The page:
“In her tender and genuinely beautiful memoir, Kelle Hampton encourages us to not simply accept the unexpected circumstances of our lives, but to embrace them like the things we wished for all along.”
—Matthew Logelin, New York Times bestselling author of Two Kisses for Maddy
Bloom is an inspiring and heartfelt memoir that celebrates the beauty found in the unexpected, the strength of a mother’s love, and, ultimately, the amazing power of perspective. The author of the popular blog Enjoying the Small Things—named The Bump’s Best Special Needs Blog and The Blog You’ve Learned the Most From in the 2010 BlogLuxe Awards—Kelle Hampton interweaves lyrical prose and stunning four-color photography as she recounts the unforgettable story of the first year in the life of her daughter Nella, who has Down syndrome. Poignant, eye-opening, and heart-soaring, Hampton’s Bloom is ultimately about embracing life and really living it.
Tracy on Goodreads wrote:
I can't say I loved this. It was really hard to follow, and the author seemed incredibly shallow. So much of her story was about how things look, beer and limes, and other things. Also... I completely understand a person being brutally honest about having a hard time with finding themselves in a situation like this - but I think a lot of the things she said went past honesty and deep into cruelty. I was expecting more story about how she came to terms with handling a situation she wasn't expecting - rather than a story about how she drank herself silly to comfort herself.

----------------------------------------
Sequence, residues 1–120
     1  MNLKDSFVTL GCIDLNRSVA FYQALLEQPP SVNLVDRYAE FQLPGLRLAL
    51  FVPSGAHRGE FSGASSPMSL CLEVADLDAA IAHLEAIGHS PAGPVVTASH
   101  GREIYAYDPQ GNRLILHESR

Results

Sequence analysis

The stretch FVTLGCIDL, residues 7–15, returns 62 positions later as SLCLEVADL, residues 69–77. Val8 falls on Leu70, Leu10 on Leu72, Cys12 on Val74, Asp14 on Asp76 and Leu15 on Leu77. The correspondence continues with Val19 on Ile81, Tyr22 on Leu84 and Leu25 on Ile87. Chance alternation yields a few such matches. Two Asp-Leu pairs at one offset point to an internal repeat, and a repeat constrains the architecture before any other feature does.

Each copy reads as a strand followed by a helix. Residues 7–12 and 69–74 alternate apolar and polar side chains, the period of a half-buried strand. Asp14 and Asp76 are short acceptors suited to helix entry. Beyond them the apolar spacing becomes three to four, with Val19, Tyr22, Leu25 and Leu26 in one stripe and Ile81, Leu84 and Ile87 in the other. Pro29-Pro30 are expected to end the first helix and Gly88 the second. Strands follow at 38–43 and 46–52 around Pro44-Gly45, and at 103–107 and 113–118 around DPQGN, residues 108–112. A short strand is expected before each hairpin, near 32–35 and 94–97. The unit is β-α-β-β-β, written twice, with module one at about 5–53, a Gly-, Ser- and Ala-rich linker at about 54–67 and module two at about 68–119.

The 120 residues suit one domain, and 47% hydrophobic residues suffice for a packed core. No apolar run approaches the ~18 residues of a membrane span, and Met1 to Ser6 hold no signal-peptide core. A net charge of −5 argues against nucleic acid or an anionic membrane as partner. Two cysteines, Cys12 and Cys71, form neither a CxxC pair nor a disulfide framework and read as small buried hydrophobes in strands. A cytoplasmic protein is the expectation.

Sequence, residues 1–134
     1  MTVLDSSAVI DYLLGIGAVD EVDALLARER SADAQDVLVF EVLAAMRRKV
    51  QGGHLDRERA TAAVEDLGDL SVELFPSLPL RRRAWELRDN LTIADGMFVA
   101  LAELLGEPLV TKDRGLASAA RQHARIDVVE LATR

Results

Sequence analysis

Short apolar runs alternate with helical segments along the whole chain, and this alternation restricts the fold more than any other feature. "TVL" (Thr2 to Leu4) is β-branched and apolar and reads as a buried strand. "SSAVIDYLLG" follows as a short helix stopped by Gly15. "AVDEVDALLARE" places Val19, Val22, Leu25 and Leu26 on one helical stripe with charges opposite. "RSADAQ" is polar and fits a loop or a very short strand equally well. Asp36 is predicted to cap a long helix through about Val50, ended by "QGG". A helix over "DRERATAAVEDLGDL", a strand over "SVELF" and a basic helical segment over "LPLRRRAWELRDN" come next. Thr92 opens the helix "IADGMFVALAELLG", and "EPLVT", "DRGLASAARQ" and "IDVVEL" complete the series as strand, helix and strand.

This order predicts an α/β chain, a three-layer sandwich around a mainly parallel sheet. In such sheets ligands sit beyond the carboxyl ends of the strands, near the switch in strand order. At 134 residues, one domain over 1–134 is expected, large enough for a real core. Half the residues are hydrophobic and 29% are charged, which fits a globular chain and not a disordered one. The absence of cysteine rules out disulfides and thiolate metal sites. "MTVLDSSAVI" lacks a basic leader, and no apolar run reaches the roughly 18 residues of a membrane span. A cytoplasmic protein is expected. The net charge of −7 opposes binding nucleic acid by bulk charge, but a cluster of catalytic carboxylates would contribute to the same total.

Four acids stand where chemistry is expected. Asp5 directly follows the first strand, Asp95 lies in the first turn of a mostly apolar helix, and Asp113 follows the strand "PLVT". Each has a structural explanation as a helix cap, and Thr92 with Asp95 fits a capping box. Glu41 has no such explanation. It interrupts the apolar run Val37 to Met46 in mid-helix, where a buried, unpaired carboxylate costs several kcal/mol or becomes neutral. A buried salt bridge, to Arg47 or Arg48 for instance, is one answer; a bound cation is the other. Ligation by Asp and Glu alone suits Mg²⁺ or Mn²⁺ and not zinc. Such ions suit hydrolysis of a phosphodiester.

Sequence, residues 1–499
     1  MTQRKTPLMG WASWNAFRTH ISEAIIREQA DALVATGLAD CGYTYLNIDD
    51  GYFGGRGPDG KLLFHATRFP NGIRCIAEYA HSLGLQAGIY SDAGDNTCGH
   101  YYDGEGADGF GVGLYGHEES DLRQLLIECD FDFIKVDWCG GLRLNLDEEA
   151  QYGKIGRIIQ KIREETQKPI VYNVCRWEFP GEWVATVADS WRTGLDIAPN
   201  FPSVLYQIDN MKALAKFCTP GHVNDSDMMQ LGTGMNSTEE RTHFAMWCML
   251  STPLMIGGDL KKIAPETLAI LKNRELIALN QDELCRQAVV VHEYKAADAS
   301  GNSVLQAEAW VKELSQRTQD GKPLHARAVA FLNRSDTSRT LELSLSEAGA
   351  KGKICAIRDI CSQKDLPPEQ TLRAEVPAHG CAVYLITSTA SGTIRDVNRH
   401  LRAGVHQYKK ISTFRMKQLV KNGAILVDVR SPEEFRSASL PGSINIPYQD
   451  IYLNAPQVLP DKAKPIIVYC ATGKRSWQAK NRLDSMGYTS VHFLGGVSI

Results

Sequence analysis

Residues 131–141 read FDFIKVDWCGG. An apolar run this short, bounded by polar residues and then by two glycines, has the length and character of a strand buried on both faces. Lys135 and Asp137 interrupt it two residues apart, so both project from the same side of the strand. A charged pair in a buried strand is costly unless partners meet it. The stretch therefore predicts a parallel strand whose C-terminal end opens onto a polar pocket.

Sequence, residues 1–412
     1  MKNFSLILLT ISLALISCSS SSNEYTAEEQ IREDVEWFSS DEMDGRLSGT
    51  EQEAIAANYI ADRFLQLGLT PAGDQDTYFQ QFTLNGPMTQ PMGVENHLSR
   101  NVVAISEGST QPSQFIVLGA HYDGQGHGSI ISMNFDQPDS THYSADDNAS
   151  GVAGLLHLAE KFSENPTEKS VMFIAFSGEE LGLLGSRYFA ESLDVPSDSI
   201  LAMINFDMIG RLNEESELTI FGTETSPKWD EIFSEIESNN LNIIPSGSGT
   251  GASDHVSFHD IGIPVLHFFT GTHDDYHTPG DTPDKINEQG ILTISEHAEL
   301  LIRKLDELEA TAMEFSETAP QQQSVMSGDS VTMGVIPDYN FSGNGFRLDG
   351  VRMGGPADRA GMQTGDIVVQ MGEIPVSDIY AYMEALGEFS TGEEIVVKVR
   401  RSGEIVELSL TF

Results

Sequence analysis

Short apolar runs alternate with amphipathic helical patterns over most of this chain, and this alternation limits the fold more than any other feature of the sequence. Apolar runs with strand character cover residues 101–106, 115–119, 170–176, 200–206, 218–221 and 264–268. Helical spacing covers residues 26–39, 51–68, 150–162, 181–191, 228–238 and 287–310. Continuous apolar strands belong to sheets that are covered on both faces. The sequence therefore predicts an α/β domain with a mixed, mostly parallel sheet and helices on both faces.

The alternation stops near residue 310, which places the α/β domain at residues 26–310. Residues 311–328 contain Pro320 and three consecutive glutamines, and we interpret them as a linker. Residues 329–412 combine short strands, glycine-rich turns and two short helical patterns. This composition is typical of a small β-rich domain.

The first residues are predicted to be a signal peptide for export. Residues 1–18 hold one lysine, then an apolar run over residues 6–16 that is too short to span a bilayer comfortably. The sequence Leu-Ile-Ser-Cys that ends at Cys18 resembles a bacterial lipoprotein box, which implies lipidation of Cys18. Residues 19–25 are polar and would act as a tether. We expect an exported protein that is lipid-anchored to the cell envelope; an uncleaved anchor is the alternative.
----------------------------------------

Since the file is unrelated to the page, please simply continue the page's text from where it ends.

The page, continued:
I have to say I was disappointed when I realized that this book was written by the same author as the over- the-top birth blog I have seen on the internet in the past, and included even more of the staged, professionally shot yet supposedly candid photos of the entire birth experience. ("I cried all night and writhed in pain at the thought of my child having Down syndrome, calling out to friends to save me and sobbing uncontrollably so that when I awakened, my face was so swollen I looked like a prize fighter with slits for eyes" accompanied by an artsy black and white photo capturing that morning where Kelle is perfectly made up with perfectly styled hair and not a bit of swelling to be seen as she gazes at her newborn in soft focus.) Kelle is just "too". Too happy, too sad, too many friends at the birth, too dramatic, too perfectly coiffed at all times, too photographed, too...
I wanted to like this book but just didn't.
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